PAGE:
03.09.2020 0

Can pro-NAFTA, pro-PNTR w/ China Joe Biden win in Michigan?

By Robert Romano

Four years ago, President Donald Trump shocked the world when he beat Hillary Clinton in the Rust Belt states of Michigan, Pennsylvania, Ohio and Wisconsin by uniting union households that had traditionally voted Democratic with conservatives on the strength of his America first message on trade and immigration.

Trump’s appeal to working class voters — opposing the North American Free Trade Agreement (NAFTA), China membership in the World Trade Organization (WTO) as well as permanent normalized trade relations, and combating illegal immigration to protect American jobs — is what put him over the top.

Trump’s critics warned there would be no trade deals, and instead a trade war.

Now, four years later, President Trump is touting a 50-year low in in unemployment, sustained growth and new reciprocal trade deals with Mexico, Canada and China. The wall is being built. Illegal immigration is way down with the Remain in Mexico policy in effect. Trump ended NAFTA, and got China to agree to a trade deal even though there’s still a 25 percent tariff being levied, even as the trade in goods deficit with China collapsed by more than 17.6 percent in 2019, or $73.9 billion.

Trump proved that with the effective use of U.S. economic power and leverage — emerging markets still want to sell goods to Americans — better agreements in U.S. interests could be had to bring production back here and enlist our neighbors to help control migration into the U.S.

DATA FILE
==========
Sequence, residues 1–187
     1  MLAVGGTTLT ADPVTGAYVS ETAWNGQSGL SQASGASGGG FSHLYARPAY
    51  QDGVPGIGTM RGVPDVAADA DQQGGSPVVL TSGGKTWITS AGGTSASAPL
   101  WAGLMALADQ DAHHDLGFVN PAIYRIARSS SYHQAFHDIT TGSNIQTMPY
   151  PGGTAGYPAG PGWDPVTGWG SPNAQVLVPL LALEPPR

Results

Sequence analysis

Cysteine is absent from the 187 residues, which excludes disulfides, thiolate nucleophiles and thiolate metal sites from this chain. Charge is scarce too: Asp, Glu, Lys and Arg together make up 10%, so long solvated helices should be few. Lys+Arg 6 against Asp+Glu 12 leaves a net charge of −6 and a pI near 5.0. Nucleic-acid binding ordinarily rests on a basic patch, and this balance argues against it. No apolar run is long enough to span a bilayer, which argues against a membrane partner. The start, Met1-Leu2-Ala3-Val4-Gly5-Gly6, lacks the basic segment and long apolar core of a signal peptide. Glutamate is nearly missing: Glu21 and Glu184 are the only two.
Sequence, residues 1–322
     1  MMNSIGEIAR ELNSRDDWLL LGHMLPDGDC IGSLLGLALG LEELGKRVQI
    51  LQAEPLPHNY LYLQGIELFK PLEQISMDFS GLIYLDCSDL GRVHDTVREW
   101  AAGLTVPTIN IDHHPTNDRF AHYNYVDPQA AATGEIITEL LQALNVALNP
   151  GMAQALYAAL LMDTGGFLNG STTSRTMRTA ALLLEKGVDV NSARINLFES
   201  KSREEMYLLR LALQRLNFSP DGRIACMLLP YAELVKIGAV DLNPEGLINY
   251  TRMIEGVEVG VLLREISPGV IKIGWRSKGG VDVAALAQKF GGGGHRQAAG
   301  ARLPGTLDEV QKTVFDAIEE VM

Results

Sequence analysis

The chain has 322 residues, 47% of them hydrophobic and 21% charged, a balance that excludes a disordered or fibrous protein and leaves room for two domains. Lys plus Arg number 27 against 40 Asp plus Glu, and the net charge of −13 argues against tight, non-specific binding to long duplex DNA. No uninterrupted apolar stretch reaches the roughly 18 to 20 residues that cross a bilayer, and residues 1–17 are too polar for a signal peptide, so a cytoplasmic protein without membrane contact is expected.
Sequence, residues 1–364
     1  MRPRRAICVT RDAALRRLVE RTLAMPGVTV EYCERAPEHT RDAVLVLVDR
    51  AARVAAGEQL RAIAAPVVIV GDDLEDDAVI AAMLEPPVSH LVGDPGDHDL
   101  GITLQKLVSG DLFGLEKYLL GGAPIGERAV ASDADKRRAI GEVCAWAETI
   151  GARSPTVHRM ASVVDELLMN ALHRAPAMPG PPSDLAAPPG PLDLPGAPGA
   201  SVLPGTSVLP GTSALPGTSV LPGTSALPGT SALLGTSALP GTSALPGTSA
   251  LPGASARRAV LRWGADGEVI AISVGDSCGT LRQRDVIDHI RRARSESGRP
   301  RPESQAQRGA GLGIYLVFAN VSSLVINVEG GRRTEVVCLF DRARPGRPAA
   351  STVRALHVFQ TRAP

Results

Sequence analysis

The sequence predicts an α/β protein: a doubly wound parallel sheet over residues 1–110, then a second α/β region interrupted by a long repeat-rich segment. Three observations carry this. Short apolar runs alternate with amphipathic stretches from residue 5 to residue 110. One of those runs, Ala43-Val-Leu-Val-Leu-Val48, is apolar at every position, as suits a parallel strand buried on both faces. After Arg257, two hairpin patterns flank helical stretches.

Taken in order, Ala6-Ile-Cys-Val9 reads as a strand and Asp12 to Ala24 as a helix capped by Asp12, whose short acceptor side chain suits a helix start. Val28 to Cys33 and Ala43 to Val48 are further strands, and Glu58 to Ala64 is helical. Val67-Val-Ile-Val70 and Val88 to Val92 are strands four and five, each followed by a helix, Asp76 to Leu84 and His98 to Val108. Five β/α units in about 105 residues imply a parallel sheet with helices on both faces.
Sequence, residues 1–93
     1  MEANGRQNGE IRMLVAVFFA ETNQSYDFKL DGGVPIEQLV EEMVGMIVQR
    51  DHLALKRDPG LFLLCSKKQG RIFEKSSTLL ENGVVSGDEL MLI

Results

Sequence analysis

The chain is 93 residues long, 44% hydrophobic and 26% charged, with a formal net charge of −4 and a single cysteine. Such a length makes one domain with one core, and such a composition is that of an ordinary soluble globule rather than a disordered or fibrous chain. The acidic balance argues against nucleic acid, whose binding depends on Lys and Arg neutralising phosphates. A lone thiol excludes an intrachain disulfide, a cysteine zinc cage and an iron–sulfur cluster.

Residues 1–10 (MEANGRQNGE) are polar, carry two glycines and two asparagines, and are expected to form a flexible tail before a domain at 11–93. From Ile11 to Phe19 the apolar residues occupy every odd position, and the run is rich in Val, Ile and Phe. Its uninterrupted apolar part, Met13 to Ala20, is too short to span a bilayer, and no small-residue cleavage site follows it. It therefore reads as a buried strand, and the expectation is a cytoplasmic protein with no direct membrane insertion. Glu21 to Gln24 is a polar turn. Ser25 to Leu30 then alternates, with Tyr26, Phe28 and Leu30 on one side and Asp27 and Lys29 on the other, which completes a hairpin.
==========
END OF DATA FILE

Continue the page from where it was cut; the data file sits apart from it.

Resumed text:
And Trump can make the case that nobody else would have even tried to get those things done by threatening and levying tariffs, because no other president ever had in modern history. By that measure, Trump’s policies were a success, because they brought trade partners to the table and ultimately hammered out agreements that received wide bipartisan support.

Since 2016, the electoral map has not changed that much. Trump still needs to carry these Rust Belt states to be reelected. That makes turning those states back blue the Democrats’ number one task in 2020.

But to win back those traditional Democratic households in the Rust Belt who voted for Trump in 2016, is former Vice President Joe Biden — who voted for NAFTA and permanent normal trade with China and proposed the Trans-Pacific Partnership — really Democrats’ best choice?


 

The answer may come in part on Tuesday, March 10 when the Michigan primary occurs. In 2016, Vermont Sen. Bernie Sanders, a self-described democratic socialist, beat Hillary Clinton narrowly in Michigan, exposing deep divisions in the Democratic Party around the issue of trade, with union households favoring Sanders — all forecasting Trump’s eventual victory there.

Even with a comfortable lead for Biden in the polls, about a third of Democrats remain committed to Sanders, exposing Biden’s weakness on trade just like it did for Clinton in 2016 — and leaving an opening for Trump to once again exploit divisions among Democrats.

Biden may just have too much momentum to be slowed down now in the Democratic contest. But in the rush to stop Bernie, however, have Democrats’ paused to consider Biden’s baggage? Where do Bernie supporters in Michigan, particularly those union households, go? That is the crack in the Democratic coalition that Trump will try to take advantage of in November again, with history suggesting it will pay off.

Robert Romano is the Vice President of Pubic Policy at Americans for Limited Government.

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